Now provide students with the yellow strips of paper and let them link their food chains to the yellow ring with those strips. When they are finished, you can display the chains by holding up the ring to create a food chain canopy. If possible, you could tie some string on opposite sides of the ring and then hang it up in your classroom.
In order to assess student understanding, ask students to create one of their own book covers for either Vulture View or Trout Are Made of Trees. These book covers should convey the main idea of this lesson: animals eat plants or other animals for food. Students can draw the pictures for the covers of the books themselves, or they could use pictures from magazines. They also could use a publishing program that would allow them to create a book cover on a computer. Another program students could use to help them create the book cover is the ReadWriteThink online Printing Press.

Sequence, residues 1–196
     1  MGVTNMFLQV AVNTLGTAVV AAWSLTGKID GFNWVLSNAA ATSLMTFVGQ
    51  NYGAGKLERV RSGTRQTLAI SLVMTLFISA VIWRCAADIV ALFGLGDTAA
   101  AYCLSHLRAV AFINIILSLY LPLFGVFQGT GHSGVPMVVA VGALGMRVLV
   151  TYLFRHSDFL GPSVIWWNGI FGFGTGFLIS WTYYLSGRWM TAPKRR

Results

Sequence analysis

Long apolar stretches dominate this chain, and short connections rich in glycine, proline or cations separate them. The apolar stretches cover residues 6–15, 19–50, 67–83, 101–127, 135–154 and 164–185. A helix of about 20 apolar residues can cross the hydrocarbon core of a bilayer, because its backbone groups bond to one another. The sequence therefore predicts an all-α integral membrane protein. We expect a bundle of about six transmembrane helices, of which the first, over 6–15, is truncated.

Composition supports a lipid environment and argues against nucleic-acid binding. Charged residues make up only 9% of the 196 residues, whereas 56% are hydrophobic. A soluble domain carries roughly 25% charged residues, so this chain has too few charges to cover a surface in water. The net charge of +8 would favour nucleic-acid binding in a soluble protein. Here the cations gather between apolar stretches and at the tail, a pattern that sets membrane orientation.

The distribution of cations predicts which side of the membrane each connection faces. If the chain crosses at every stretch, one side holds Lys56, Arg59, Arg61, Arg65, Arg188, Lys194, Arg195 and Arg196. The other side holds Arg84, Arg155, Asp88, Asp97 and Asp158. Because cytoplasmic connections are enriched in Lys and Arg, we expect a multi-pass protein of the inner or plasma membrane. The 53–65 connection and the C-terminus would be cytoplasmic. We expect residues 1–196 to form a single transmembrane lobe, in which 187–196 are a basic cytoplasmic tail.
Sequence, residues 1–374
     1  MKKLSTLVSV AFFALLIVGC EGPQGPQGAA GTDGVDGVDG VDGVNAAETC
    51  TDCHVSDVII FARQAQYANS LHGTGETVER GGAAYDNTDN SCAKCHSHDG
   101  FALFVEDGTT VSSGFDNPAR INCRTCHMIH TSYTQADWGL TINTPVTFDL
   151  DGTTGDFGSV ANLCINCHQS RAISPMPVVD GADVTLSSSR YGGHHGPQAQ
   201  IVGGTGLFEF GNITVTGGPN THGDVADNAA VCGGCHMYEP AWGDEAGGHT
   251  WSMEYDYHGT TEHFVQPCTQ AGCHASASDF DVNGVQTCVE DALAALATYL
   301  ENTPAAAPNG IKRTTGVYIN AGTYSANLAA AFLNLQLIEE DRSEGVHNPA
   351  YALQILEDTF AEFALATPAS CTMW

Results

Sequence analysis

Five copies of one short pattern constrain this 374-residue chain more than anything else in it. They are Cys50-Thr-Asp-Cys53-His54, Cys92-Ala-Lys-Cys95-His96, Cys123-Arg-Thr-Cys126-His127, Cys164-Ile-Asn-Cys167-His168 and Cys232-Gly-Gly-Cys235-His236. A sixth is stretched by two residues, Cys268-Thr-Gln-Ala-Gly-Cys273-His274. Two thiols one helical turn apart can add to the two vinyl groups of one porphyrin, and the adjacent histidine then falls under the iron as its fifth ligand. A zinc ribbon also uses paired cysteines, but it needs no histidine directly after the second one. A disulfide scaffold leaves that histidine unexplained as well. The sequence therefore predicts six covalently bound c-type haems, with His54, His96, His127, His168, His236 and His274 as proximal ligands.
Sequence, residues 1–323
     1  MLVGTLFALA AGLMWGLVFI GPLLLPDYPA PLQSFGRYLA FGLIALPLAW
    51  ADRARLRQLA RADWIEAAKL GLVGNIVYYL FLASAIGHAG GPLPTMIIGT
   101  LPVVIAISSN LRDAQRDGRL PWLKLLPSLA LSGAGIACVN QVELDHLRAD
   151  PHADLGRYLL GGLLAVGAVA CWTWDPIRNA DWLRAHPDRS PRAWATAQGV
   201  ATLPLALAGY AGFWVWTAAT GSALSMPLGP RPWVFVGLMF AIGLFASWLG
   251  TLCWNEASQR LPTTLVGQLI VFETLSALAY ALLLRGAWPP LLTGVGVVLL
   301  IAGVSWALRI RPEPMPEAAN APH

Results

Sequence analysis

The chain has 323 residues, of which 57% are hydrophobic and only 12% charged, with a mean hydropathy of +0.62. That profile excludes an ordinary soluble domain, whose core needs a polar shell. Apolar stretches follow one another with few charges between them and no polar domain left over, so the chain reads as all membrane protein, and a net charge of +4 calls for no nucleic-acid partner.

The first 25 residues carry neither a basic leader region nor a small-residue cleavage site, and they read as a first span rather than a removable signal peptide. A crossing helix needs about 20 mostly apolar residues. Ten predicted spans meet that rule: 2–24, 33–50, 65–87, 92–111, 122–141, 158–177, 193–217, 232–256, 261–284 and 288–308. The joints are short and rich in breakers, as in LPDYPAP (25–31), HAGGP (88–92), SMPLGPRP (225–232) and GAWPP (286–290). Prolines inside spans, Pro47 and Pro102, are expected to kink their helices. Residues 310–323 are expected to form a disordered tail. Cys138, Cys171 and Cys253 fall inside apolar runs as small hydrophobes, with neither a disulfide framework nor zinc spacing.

Once students have finished their book covers, you could add them to the author study center, if you opted to create one. Or, you could hang up the book covers around your room and invite students to enjoy each other's work.
The Science NetLinks lesson, An Egg is Quiet, can be used to help extend the ideas in this lesson.
April Pulley Sayre's page on her Featured Books provides descriptions and teacher resources for her science picture books.
If you'd like to explore doing author studies with your class, the ReadWriteThink resource, Author Study: Improving Reading Comprehension Using Inference and Comparison, is a good example of how to do one.